Secondary Market CDs
Secondary market CDs are nearly identical to new issue CDs, except that they are now out of their primary issue phase and can be offered at a discount (or premium). The result is usually a pickup of yield over new issue CDs.
This is how new issue CDs come to market. A bank that wants to raise money in a specific year will issue CDs to broker-dealers for them to sell to their clients. The bank will build a commission for the broker-dealers into the CD price for this effort. For example, the bank may issue the CDs to broker-dealers for a price of $98. Under primary market rules, however, these CDs must be sold to the market for $100, meaning the broker-dealers would receive a profit of $2.
Primary market rules no longer apply for secondary market CDs, which can be sold at a price that doesn’t have a built-in commission. This results in more yield for investors. For example, a new issue 2017 CD yields 1.40 percent when purchased at $100. A 2017 secondary market CD with a 1.65 percent coupon can be purchased at $99.90, with a yield of 1.67 percent. This means an investor would gain an additional 0.27 percent of yield from the secondary market CD for the same credit quality and duration as the new issue CD. In most maturities, the yield pickup over primary market CDs ranges from 0.10 to 0.35 percent.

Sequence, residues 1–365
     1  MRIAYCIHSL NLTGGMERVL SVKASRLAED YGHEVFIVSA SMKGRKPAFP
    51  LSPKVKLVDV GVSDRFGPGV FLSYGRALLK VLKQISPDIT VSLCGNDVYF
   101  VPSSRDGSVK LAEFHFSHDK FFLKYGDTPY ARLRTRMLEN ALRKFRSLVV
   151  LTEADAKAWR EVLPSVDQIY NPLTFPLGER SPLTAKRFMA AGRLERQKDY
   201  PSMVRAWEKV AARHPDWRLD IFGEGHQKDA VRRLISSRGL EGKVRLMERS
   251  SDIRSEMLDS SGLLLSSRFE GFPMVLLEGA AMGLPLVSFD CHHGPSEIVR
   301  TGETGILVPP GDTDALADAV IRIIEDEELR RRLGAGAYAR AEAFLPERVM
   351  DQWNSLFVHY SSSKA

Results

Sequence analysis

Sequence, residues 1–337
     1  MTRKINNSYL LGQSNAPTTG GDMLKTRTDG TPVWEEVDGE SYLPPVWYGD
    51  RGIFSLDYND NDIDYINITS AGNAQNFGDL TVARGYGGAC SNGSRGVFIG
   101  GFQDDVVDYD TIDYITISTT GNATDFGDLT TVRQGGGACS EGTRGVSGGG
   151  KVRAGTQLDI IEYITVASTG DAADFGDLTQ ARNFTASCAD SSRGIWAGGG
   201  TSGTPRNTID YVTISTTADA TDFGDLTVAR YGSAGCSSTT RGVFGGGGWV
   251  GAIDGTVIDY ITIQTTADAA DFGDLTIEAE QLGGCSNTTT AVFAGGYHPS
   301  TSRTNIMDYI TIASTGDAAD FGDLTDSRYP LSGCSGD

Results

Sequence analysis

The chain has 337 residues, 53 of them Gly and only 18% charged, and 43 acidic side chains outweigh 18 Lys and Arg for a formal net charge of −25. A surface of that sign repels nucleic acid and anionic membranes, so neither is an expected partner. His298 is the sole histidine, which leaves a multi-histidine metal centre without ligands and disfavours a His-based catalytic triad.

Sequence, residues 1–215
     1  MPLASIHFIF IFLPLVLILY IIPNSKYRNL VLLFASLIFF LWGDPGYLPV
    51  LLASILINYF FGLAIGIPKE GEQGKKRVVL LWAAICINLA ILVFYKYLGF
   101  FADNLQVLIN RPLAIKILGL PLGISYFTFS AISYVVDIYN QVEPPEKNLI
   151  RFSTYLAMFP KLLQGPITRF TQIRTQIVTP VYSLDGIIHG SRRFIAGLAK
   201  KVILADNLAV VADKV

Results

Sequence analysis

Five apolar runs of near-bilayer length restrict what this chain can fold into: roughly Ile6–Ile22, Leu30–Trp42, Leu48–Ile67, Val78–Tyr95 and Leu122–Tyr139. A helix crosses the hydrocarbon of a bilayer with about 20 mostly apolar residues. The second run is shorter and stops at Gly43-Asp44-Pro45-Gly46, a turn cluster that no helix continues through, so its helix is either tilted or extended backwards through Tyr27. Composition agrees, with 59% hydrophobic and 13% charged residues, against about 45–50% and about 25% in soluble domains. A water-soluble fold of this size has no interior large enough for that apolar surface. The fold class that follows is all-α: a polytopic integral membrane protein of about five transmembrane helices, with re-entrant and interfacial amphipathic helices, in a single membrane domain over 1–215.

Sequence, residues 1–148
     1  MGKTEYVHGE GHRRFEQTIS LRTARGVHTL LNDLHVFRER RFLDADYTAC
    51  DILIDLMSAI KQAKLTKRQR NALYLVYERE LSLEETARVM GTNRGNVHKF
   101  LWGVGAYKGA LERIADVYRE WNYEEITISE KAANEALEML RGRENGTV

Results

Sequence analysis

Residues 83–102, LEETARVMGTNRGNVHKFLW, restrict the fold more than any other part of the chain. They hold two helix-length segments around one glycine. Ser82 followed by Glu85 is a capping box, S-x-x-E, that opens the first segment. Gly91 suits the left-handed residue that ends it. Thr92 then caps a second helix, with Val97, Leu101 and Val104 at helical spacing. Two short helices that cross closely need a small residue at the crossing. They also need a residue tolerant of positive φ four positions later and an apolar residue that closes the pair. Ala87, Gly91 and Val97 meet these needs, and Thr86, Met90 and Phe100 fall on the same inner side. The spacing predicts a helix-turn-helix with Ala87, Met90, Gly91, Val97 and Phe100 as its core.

Note that supply is limited and the competition is great for secondary market CDs, especially during a prolonged period of low interest rates. However, regardless of market conditions, it is important to speak with your advisor when considering changes to the fixed
income portion of your portfolio.
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